Resources:

  • Carter, K. B., Farmer, D., and Siegel, C. (2014). Actionable Intelligence: A Guide to Delivering Business Results with Big Data Fast! John Wiley & Sons P&T. VitalBook file.
  • Khan, N., Yaqoob, I., Hashem, I. A. T., Inayat, Z. Ali, W. K. M., Alam, M., Shiraz, M., & Gani., A. (2014). Big data: Survey, technologies, opportunities, and challenges. The Scientific World Journal, 2014. Retrieved from http://www.hindawi.com/journals/tswj/2014/712826/
  • Minelli, M., Chambers, M., & Dhiraj, A. (2013). Big Data, Big Analytics: Emerging Business Intelligence and Analytic Trends for Today’s Businesses. John Wiley & Sons P&T. VitalBook file.

Data Tools: Case Study on Hadoop’s effectiveness

Case Study: Open source Cloud Computing Tools: A case study with a weather application

Focus on: Hadoop V0.20, which has a Platform as a Service cloud solution, which have parallel processing capabilities

Cluster size: 6 nodes, with Hadoop, Eucalyptus, and Django-Python clouds interfaces installed

Variables: Managing historical average temperature, rainfall, humidity data, and weather conditions per latitude and longitude across time and mapping it on top of a Google’s Map user interface

Data Source: Yahoo! Weather Page

Results/Benefits to the Industry:  The Hadoop platform has been evaluated by ten different criteria and compared to Eucalyptus and Django-Python, from a scale of 0-3, where 0 “indicates [a] lack of adequate feature support” and 3 “indicates that the particular tool provides [an] adequate feature to fulfill the criterion.”

Table 1: The criterion matrix and numerical scores have been adopted from Greer, Rodriguez-Martinez, and Seguel (2010) results.

Criterion Description Score
Management Tools Tools to deploy, configure, and maintain the system 0
Development Tools Tools to build new applications or features 3
Node Extensibility Ability to add new nodes without re-initialization 3
Use of Standards Use of TCP/IP, SSH, etc. 3
Security Built-in security as oppose to use of 3rd party patches. 3
Reliability Resilience to failures 3
Learning Curve Time to learn technology 2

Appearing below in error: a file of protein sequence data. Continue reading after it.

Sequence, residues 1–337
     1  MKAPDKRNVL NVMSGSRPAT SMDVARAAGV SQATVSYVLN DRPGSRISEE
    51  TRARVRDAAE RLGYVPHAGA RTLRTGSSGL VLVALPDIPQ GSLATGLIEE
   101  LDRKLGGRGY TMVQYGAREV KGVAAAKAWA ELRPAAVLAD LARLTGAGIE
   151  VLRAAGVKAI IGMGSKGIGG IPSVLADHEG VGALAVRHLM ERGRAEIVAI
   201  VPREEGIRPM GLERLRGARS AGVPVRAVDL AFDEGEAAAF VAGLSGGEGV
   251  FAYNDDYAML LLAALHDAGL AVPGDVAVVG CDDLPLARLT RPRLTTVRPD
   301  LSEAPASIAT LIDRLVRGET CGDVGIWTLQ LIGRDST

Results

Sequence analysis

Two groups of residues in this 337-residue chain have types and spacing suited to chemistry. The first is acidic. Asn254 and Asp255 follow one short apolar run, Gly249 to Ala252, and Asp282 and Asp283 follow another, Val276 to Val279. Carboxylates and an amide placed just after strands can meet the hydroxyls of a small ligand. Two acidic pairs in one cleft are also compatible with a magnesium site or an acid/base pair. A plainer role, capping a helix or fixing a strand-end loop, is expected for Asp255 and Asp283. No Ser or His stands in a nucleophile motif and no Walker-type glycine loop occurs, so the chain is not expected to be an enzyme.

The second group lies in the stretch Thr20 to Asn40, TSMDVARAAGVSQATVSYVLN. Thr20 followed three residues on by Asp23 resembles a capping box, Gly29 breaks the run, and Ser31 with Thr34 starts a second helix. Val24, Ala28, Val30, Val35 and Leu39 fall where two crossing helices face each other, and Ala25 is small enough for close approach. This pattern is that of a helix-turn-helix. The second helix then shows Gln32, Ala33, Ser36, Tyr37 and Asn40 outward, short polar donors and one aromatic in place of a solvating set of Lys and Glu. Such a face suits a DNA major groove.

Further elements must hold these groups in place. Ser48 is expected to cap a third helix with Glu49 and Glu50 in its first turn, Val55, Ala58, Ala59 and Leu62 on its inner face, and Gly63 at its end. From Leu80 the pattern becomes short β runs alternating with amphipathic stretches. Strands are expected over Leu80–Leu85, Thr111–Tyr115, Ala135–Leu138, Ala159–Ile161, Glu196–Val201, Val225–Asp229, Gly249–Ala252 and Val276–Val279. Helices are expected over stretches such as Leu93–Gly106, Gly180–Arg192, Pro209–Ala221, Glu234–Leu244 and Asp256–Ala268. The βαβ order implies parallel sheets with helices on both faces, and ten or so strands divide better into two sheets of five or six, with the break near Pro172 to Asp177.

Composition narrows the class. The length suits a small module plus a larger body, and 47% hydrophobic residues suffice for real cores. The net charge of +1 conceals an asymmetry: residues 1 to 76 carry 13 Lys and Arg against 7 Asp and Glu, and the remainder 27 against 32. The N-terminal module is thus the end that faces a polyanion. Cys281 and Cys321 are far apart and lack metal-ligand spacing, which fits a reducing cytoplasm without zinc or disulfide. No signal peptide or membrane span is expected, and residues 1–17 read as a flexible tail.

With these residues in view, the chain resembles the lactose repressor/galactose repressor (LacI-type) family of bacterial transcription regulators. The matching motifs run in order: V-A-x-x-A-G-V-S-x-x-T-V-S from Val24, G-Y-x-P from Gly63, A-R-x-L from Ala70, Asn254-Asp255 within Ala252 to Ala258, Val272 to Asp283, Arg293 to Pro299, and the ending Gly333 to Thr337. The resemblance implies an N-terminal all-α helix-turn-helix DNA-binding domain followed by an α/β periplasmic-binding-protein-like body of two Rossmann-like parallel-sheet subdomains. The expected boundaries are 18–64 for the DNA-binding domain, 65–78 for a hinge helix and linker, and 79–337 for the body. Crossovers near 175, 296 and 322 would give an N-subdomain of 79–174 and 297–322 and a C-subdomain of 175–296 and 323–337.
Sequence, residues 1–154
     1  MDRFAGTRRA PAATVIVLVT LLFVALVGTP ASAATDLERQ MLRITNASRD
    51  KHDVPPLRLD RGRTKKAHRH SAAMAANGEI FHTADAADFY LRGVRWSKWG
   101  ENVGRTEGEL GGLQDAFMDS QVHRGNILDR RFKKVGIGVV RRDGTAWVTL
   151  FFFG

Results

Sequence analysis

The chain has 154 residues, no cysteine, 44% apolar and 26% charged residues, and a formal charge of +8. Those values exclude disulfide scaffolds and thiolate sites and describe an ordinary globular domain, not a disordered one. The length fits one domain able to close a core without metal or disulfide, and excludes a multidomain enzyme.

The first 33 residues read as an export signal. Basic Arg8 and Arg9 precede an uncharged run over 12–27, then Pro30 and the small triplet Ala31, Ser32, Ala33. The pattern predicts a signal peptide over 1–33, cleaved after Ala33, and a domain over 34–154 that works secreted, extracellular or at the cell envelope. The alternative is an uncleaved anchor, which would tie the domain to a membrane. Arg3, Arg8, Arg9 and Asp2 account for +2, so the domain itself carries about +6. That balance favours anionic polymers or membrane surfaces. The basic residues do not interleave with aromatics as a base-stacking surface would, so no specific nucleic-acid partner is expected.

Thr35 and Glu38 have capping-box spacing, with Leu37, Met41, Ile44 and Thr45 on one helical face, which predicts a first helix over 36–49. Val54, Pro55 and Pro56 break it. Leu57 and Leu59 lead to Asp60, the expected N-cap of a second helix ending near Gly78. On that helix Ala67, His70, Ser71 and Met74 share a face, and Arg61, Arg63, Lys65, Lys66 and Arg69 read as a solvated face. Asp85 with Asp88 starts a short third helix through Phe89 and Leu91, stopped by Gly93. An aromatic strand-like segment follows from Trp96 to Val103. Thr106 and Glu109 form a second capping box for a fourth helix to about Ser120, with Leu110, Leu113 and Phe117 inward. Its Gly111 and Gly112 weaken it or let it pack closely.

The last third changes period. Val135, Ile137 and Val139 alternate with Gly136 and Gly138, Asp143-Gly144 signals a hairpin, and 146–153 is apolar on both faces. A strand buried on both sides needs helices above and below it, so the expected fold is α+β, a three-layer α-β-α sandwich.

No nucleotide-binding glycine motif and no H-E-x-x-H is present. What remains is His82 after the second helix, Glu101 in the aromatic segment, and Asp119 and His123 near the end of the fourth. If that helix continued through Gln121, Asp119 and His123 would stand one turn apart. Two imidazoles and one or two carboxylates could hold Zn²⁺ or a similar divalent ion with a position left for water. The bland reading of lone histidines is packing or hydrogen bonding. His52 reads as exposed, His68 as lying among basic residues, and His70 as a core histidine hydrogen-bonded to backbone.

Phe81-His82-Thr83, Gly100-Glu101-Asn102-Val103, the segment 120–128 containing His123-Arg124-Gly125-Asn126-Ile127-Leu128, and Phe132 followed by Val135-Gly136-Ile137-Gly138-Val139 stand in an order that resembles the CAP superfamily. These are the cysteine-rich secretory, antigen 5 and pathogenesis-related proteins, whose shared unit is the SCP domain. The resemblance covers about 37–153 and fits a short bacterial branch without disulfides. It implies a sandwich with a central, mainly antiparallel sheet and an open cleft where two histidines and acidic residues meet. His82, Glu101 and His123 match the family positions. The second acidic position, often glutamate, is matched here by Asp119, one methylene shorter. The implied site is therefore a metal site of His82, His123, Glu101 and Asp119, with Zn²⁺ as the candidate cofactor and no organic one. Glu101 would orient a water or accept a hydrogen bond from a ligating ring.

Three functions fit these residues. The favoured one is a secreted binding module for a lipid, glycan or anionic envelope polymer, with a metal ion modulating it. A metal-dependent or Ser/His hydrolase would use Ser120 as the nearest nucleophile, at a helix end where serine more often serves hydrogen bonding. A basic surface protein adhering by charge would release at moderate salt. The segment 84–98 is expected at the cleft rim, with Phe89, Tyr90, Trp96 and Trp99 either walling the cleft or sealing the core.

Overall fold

Scalability Capacity to grow without degrading performance
Cost of Ownership Investments needed for usage 2
Support Availability of 3rd party support 3
Total 22

Eucalyptus scored 18, and Django-Python scored 20, therefore making Hadoop a better solution for this case study.  They study mentioned that:

  • Management tools: configuration was done by hand with XML and text and not graphical user interface
  • Development tools: Eclipse plug-in aids in debugging Hadoop applications
  • Node Extensibility: Hadoop can accept new nodes with no interruption in service
  • Use of standards: uses TCP/IP, SSH, SQL, JDK 1.6 (Java Standard), Python V2.6, and Apache tools
  • Security: password protected user-accounts and encryption
  • Reliability: Fault-tolerance is presented, and the user is shielded from the effects
  • Learning curve: It is not intuitive and required some experimentation after practicing from online tutorials
  • Scalability: not assessed due to the limits of the study (6-nodes is not enough)
  • Cost of Ownership: To be effective Hadoop needs a cluster, even if they are cheap machines
  • Support: there is a third party support for Hadoop

The authors talk about how Hadoop fails in providing a real-time response, and that part of the batch code should include email requests to be sent out at the start, key points of the iteration, or even at the end of the job when the output is ready.  The speed of Hadoop is slower to the other two solutions that were evaluated, but the fault tolerance features make up for it.  For set-up and configuration, Hadoop is simple to use.

Use in the most ample manner?

Hadoop was not fully used in my opinion and the opinion of the authors because they stated that they could not scale their research because the study was limited to a 6-node cluster. Hadoop is built for big data sets from various sources, formats, etc. to be ingested and processed to help deliver data-driven insights and the features of scalability that address this point were not addressed adequately in this study.

Resources

  • Greer, M., Rodriguez-Martinez, M., & Seguel, J. (2010). Open Source Cloud Computing Tools: A Case Study with a Weather Application.Florida: IEEE Open Source Cloud Computing.